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​Supply Chain Trends For Small Business

New trends that align supply chains can help small businesses thrive

20Dec

Supply chains today are seen more as dynamic ecosystems that serve as value to new networks in ways beyond aiding basic logistics.

The supply chain ecosystem should be constantly evaluated and improved to provide greater value from suppliers and business partners. When efficiently coordinated, a better supply chain will reduce costs, improve the level of your services, minimize risks of delays and disruptions, provide positive feedback and branding, and can even deliver innovation by adapting to new challenges.

There are several new trends that align supply chains to support current business ideas.

Demand-driven inventory

Companies have traditionally relied on sales forecasts to anticipate what they would be making and shipping to their customers. U.S. retailers have lost $224 billion due to excess inventory. In an increasingly competitive and rapidly changing marketplace, historic sales figures are far less reliable, and the value of such data more short-lived.

Modern technology allows companies to use real-time data. Point-of-sale devices scan the product barcode into files for upload, and information from the past week or past day is available for statistical analysis. This enables companies to more quickly respond to what's happening now.

SMBs with such systems are can integrate ordering to better manage inventory and save money. Sales forecasts provide an element of risk, compounded by expenditure in boosting stock levels. Connected companies can automatically re-order inventory as it's sold, in any increments or timeframes they choose.

Market segments

More than 50% of online searches come from mobile advertising. This is a growing segment of users that should be monitored. It makes good sense to structure the right aspects of your supply chain to better service your most valuable customers, or more profitable demographics.

Companies focused on better service align their inventory, production, and distribution to provide both reasonable costs and discrete services to major revenue sources. While this may at times be restrictive to smaller, 'special' orders, it does provide more efficiency and a better customer experience to preferred clients - those you are especially keen to retain.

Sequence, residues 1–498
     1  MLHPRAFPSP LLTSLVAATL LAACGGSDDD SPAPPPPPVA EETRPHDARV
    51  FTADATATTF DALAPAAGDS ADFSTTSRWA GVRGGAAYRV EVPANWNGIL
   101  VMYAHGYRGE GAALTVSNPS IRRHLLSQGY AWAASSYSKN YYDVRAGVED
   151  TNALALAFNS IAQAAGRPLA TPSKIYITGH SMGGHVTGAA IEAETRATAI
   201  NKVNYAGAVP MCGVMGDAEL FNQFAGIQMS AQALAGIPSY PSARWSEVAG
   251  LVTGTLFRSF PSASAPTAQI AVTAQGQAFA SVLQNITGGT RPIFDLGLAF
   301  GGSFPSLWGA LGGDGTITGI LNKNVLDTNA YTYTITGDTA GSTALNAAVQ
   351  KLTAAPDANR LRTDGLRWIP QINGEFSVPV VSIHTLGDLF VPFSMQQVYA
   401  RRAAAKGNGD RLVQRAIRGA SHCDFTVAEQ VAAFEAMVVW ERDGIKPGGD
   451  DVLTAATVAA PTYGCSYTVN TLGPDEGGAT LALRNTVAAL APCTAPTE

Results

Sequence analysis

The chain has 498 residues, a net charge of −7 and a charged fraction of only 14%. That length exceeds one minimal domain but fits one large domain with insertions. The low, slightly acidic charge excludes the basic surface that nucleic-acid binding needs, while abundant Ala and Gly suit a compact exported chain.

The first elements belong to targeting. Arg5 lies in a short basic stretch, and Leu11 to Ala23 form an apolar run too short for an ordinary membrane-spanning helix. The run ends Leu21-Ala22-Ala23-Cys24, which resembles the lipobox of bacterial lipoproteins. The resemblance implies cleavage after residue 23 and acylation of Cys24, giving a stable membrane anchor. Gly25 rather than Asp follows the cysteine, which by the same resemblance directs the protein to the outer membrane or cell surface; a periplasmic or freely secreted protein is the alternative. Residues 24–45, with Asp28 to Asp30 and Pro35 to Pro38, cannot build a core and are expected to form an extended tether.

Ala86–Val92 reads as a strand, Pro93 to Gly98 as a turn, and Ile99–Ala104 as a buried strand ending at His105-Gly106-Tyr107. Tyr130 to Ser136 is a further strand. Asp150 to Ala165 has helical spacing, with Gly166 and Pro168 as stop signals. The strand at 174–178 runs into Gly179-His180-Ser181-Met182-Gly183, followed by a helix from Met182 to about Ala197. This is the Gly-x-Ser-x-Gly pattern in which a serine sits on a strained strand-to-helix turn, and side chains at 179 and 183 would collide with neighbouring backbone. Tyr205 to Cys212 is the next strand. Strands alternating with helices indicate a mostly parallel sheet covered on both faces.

Analytics and logistics

More SMBs are taking advantage of data analytics to monitor consumer and industry patterns. Expensive business intelligence solutions often required data teams and qualified analysts on the payroll, making it an expensive option for SMBs. However, business analytic software is now available over the cloud and even from sites like Facebook and Twitter, allowing small companies the same advantages.

The business intelligence solutions available today are more than automated number-crunchers requiring a practiced eye to interpret. They can weigh various perspective to suggest real solutions and predict the corresponding risks. Over 58% of U.S. companies today are seeing benefits from big data.

This allows companies the opportunity to adjust or enhance supply chains based on evolving consumer requirements.

Omni-channel systems

One trend is to maintain a common inventory pool, which may be spread across several locations depending on product or demand. No matter where the product order originates, from a company outlet or an individual online shopper, the product comes from a common pool, whether a single large warehouse or a distributed system.

The problem with this approach is having a sufficient workforce for picking what might be a single product or two for hundreds of independent orders, in addition to bulk shipments to stores or other businesses, or efficiently organizing transitions between the two. One solution is a hybrid approach to delivering on both, with separate teams, systems, and equipment such as dedicated conveyor systems or Wi-Fi tablets.

Advances in technology may some day see inventories managed by software and product handled by robots, but that is still many years away. And even when it happens, managing dynamic supply chains to most effectively serve the business and the customer will still be essential.

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